How policy affects real people (podcast) – 11/21/16
This podcast on American drug pricing explores the benefits and drawbacks of a national policy decision not to regulate prescription drugs. Craig Garthwaite, the Co-Director of Kellogg School of Management's Health Enterprise Management Program, explains that the American people cannot ignore the impending sacrifices they will have to endure if Medicare does manage to decrease drug prices. Lower drug prices means less new and continued drug research and innovation. Craig highlights the need to find an appropriate innovation to price tradeoff that Americans are willing to accept.
The Houston Chronicle
Richards-Kortum, Oden, Palamountain: All babies deserve a chance to survive – 11/18/16
Article co-written by Professor Kara Palamountain discusses the issue of premature birth - now the world's leading cause of death for children. This year, more than 1 million babies will die simply because they were born too soon and progress to improve newborn survival is frustratingly slow. The authors noted that World Prematurity Day was commemorated last week, and stated that we can do better, and have the global resources to do so, when it comes to premature births.
Chicago will always find a new tax – 11/17/16
Article (op-ed) written by Professor Joel Shalowitz offers his opinion on how the City Council’s decision to license pharmaceutical representatives to help address the opioid addiction problem is a case study in unnecessary, costly and ineffective government intervention.
How to make health insurance more like car insurance – 11/16/16
Article discusses the merits of policy changes in health insurance, such as removing traditional health insurance for the common, acute healthcare that’s handled by a primary care physician, thus making health insurance more like car insurance, and quotes Professor Joel Shalowitz on how patients will have reduced provider choice, but the tradeoff may be worth it, “If you have a more narrow network, you can obviously negotiate better rates."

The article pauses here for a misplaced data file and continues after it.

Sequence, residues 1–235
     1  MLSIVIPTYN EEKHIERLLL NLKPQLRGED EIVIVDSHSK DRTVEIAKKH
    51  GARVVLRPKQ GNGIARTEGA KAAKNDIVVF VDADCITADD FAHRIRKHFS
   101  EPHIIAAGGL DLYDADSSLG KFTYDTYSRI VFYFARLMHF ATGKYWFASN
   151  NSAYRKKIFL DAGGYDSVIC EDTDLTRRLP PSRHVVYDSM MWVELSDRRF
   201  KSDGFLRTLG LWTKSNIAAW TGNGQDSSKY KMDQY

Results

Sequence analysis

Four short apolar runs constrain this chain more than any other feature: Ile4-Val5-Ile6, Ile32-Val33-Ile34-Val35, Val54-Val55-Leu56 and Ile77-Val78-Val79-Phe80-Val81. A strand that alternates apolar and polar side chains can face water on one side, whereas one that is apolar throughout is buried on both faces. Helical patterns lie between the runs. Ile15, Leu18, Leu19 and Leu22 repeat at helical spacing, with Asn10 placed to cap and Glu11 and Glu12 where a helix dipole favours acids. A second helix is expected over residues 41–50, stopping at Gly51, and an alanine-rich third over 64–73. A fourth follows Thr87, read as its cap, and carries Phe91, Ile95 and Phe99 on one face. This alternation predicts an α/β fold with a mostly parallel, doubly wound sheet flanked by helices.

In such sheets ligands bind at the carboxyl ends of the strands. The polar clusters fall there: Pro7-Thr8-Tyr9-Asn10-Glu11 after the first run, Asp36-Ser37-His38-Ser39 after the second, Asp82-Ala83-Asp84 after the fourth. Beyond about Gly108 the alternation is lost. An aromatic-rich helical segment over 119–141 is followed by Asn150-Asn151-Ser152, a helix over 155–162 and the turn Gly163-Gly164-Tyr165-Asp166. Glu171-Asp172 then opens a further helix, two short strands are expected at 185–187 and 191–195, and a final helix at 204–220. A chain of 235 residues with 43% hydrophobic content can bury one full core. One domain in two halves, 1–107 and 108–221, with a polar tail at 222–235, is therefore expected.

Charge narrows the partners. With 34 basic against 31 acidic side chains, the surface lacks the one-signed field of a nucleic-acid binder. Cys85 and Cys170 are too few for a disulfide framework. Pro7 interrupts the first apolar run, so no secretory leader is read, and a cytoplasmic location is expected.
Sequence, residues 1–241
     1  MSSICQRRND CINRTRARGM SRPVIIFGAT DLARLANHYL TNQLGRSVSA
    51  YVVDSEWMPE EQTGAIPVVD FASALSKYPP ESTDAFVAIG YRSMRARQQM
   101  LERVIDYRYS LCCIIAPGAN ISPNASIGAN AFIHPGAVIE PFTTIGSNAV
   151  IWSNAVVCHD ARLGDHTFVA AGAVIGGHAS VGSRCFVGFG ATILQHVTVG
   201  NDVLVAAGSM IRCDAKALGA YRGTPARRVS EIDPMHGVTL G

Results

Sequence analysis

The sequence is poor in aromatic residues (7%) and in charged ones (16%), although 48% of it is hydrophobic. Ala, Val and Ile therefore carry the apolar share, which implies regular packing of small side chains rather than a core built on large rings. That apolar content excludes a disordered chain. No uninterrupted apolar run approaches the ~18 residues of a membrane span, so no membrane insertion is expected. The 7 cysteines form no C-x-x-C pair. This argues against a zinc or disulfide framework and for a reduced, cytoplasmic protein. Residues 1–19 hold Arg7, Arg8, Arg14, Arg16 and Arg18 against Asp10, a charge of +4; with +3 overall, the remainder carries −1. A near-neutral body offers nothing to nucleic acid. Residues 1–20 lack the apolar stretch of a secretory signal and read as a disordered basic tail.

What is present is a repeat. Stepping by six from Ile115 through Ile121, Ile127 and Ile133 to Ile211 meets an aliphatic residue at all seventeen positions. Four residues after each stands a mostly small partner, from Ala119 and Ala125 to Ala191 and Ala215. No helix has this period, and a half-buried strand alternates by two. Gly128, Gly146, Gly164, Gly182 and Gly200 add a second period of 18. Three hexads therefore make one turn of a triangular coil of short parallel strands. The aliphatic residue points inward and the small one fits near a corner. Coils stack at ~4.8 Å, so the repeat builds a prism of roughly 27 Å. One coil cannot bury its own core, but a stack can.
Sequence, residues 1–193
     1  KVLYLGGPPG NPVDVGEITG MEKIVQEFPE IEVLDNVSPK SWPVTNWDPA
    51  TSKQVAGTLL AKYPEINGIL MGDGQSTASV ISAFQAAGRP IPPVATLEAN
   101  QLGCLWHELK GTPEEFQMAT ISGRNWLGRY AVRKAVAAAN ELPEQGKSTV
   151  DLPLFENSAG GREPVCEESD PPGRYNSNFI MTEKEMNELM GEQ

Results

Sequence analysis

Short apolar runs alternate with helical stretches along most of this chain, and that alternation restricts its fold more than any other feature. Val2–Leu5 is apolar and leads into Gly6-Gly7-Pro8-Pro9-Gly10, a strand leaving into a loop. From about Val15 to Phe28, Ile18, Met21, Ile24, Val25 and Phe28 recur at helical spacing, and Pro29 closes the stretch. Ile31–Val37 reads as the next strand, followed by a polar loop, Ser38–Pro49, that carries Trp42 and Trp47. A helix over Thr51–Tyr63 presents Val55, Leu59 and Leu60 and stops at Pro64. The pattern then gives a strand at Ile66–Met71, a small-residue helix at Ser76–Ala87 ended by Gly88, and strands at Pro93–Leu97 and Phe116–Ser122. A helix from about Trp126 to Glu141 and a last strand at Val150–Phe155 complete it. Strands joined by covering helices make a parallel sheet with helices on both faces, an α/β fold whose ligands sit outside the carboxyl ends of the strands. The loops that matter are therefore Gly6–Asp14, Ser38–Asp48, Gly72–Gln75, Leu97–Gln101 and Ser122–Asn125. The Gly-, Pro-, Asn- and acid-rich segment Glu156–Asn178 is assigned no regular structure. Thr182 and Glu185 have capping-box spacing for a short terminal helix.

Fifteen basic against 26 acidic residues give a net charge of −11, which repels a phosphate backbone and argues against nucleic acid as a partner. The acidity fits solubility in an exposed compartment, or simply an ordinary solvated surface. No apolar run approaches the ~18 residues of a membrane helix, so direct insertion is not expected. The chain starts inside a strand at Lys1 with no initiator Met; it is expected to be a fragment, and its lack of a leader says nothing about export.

Grubhub faces backlash after CEO's anti-Trump email to employees – 11/11/16
Article reports that Grubhub CEO Matt Maloney is facing a firestorm after speaking out against President-elect Donald Trump in an email to employees this week. Quotes Professor Nicholas Pearce, who says that forcing employees to agree with a leader's beliefs flies in the face of diversity and inclusion — though he said he did not think that was Maloney's intent.
Nightly Business Report
CNBC – 11/09/16
Segment features Professor Craig Garthwaite discussing what's next for the Affordable Care Act under a Trump presidency. (See the 20:20 mark of the video clip for this interview.)
New York Times
When Should Charities Throw In Together? – 11/04/16
Sometimes, merging individual charitable organizations can have a greater impact on the people served if they start with a focus on the mission. However, the process of merging may not be so simple--challenges with organizational pride and change in leadership can create hurdles. But ultimately, strong mergers can create even stronger societal impacts, according to a study co-authored by Professor Don Haider.
Finance & Management
Seeking Out A New Route – 11/01/16
Article reports on five behavioral processes that can leave businesspeople in a state of inactivity, drawing on perspective from Professor Leigh Thompson. How should business problems be solved when a familiar solution no longer works?
Crain’s Chicago Business
Nonprofits missing the boat by not merging – 10/20/16
Article reports on findings in the new Metropolitan Chicago Nonprofit Merger Research Project, based on research from Professor Emeritus Don Haider and Kellogg’s Center for Nonprofit Management. The study revealed a trend toward proactive rather than reactive mergers, and predicted that human-services nonprofits will merge or otherwise collaborate, due to the expansion of Medicaid and the ascent of managed care.